A panelboard can accept bolt on or push on breakers, and it does have a dead front - 1 dead front. Most, if not all, also have a cover which covers the breaker handles, but the cover is not a 'second' dead front. Well, there is an exception which allows a panelboard to not have a dead front, but that is a seldom seen exception for most.
    I do not totally understand the "Nope" part. There are industry nuances and vocabulary that cannot be found in cut and paste code books. If you order a "panel" of the amperage and C/B capacity you desire from an electrical distributor or mfg. their first question will be "Load Center or Panel Board". The word Load Center does not exist in NEC definitions; yet suppliers and manufacturers will make that distinction before any other. In addition to differences already posted load centers have smaller gage metal and generally are significantly different in quality when compared to panel board construction. If you can put push-on C/Bs in a industry recognized "panel Board" I have never seen it. There are exceptions like Square D "I-Line" and a Cutler Hammer comparable that do push in, but are then bolted into position. I did not mean to imply two dead fronts, but belive I said it was like two covers. On a panel board when you remove the cover, a dead front or smaller "cover" still remains and surrounds the business part of the panel.


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    Default Re: Main Breaker - 4 pole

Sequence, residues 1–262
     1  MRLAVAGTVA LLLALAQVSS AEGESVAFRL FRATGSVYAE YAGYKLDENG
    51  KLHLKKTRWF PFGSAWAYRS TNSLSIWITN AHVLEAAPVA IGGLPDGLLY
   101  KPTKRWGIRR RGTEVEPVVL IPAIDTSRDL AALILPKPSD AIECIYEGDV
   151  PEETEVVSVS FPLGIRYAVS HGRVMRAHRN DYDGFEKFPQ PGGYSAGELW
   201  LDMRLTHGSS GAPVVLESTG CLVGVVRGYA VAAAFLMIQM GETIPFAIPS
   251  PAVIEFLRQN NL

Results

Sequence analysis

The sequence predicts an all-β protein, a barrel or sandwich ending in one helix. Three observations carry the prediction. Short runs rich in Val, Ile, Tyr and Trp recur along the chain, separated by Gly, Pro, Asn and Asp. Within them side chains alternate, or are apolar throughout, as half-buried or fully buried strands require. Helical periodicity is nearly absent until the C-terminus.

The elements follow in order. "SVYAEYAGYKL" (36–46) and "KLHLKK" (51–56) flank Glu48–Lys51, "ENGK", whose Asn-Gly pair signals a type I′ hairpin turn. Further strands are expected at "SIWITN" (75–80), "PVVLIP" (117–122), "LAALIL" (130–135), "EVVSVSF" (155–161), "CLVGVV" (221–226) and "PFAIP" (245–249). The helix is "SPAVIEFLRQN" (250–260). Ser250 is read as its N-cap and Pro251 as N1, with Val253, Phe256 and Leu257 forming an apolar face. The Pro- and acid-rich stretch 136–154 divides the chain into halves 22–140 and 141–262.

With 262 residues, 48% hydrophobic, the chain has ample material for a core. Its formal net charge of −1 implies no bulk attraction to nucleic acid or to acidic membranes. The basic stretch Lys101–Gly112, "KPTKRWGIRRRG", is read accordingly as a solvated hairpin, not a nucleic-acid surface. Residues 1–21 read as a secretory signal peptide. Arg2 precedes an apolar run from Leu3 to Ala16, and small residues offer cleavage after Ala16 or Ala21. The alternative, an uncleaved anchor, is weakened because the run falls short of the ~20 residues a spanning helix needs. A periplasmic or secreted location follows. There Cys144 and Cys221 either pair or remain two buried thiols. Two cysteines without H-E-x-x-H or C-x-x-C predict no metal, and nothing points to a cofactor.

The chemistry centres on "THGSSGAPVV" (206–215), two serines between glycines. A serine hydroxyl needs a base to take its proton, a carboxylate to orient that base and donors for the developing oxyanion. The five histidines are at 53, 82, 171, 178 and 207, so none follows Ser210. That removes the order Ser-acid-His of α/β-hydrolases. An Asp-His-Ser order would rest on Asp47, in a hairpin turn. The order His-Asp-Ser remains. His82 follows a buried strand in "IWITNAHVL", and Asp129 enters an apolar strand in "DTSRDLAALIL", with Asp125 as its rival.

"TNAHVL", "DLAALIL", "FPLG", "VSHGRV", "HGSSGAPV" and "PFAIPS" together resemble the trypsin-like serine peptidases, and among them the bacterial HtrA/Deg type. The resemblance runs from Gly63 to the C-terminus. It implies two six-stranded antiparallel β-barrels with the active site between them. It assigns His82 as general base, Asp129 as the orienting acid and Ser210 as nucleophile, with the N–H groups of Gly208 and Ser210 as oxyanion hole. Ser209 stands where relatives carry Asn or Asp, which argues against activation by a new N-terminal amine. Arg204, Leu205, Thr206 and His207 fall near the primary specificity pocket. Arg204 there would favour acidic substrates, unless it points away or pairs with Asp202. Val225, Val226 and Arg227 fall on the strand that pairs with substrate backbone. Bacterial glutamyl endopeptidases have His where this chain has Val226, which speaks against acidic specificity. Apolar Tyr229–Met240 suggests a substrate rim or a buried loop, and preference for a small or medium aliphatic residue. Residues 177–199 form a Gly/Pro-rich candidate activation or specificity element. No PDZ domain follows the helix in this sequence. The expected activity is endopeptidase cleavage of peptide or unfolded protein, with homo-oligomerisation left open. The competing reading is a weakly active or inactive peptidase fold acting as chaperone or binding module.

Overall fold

Quote Originally Posted by Garry Blankenship View Post
    I do not totally understand the "Nope" part.
    Quote Originally Posted by Garry Blankenship View Post
    ... "panel board" construction means a significantly different standard than load center.
    Nope: (see below)
    Quote Originally Posted by Rollie Meyers
    A loadcenter is listed as a panelboard, ...
    Quote Originally Posted by Garry Blankenship View Post
    Panel boards have dead fronts, ( basically two covers ), ...
    Nope: (see below)
    Quote Originally Posted by Garry Blankenship View Post
    I did not mean to imply two dead fronts, but belive I said it was like two covers.
    Nope - one is a dead front and one is a cover, i.e., not like two dead fronts and not like two covers either.

    Quote Originally Posted by Garry Blankenship View Post
    ... the C/Bs are bolted on, not pushed on
    Nope: (see below)
    Quote Originally Posted by Rollie Meyers